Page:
It’s late October, and many bermudagrass lawns are still pretty green, as long as the turf is being irrigated. It’s been another dry month, and a hot one, so warm-season turf such as bermudagrass and zoysiagrass think it’s still September in many areas of Oklahoma. I for one am ready for it to turn cool for various reasons, including shutting down the growth and color of bermudagrass, so I can stop mowing it!
Now if your turf is turning brown due to a lack of irrigation, we’d still recommend that you irrigate some, to keep the soil from becoming too dry. We don’t want to send the turf into winter dormancy, whenever that comes, in a weak condition for any reason, including water stress.
One concern is that with many lawns so green still, if we do receive one of those sudden cold snaps in November or early December here in Oklahoma, as we sometimes do, it could cause some winter damage to warm-season turf. The grass needs time to “harden off” and slowly go into winter dormancy by shutting down top growth and turning brown. If the turf plant does not fully go into a state of dormancy, sudden hard freezes can cause winterkill or turf damage. One of the worst times I’ve experienced with winterkill was exactly that, caused by a sudden hard freeze in early December of 1989 I believe it was. Then that following spring, turf managers, homeowners, golf course superintendents, you name it……we all “enjoyed” brown bermudagrass in May with large areas of winterkill.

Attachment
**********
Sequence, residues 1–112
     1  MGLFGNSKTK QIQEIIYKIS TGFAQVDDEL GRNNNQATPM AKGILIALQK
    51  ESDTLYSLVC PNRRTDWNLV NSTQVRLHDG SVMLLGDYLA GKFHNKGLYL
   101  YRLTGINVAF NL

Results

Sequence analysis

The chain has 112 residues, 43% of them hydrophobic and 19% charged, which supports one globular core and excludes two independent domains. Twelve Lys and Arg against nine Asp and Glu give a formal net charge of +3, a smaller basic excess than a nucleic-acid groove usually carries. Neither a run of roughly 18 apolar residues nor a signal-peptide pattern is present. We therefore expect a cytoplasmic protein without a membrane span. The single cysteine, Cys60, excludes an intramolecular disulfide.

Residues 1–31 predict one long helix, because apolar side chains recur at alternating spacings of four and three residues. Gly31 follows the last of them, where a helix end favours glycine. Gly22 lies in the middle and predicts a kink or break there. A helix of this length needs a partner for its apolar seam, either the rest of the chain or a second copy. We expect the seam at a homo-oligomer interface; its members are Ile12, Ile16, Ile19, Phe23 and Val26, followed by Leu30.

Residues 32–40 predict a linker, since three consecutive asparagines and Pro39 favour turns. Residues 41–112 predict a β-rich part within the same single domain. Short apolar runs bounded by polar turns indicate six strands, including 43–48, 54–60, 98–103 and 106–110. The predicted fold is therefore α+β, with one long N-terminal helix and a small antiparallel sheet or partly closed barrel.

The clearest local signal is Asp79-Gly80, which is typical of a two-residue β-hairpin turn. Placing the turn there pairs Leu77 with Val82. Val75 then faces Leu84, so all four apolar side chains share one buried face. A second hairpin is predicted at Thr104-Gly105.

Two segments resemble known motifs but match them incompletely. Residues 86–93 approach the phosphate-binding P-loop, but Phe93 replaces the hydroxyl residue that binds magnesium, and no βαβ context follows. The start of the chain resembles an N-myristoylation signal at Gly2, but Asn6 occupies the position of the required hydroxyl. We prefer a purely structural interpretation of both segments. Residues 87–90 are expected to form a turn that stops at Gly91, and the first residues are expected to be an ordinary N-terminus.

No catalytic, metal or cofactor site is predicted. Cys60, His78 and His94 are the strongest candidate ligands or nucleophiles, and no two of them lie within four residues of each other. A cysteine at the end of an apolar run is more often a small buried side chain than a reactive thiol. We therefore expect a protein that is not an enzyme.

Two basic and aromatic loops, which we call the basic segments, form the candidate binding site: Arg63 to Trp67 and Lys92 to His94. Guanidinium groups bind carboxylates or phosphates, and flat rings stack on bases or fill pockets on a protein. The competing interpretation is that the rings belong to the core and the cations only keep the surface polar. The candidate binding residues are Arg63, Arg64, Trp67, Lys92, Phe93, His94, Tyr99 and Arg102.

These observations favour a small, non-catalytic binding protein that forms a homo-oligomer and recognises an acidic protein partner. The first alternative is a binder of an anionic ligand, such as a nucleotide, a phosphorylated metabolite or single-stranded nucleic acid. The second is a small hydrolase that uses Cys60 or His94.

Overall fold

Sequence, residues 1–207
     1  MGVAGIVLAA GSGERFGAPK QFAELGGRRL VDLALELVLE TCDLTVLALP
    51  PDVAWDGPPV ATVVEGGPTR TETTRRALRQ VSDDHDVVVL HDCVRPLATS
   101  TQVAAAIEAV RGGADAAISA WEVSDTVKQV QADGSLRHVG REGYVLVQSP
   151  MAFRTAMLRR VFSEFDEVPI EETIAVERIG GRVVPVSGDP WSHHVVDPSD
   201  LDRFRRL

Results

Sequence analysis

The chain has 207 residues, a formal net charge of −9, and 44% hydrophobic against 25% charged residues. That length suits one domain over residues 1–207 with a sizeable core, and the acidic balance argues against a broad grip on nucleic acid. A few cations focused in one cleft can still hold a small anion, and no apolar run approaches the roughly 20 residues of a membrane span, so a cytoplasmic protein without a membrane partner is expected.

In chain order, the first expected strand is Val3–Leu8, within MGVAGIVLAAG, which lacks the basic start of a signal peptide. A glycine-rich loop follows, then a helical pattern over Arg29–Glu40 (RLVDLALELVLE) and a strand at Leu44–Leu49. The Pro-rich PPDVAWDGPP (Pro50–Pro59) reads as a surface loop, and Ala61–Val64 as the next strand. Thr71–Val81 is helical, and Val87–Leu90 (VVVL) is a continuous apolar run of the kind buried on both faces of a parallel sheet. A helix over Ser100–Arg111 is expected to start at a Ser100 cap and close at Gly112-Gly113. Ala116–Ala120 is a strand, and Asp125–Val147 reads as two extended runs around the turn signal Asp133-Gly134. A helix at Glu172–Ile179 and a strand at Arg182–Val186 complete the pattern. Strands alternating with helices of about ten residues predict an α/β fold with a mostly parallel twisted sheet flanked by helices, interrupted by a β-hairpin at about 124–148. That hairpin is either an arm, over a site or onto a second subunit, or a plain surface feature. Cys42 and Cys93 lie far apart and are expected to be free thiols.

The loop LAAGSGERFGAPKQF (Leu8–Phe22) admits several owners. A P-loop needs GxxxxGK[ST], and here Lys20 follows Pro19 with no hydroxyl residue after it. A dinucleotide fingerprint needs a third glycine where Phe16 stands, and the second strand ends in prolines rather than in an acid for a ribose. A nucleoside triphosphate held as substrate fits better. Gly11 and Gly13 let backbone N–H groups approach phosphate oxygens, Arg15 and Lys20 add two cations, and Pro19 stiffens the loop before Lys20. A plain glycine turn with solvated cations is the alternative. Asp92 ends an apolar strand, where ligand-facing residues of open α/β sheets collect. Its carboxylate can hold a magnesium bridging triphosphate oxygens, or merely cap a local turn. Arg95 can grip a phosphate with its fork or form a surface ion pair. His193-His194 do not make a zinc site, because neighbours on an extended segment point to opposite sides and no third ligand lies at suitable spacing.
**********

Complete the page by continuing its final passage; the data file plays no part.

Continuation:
Not much can be done to prevent this at this point, other that keep soil moisture levels adequate, and mow your bermudagrass fairly high with your final mowing of the season, hopefully coming soon.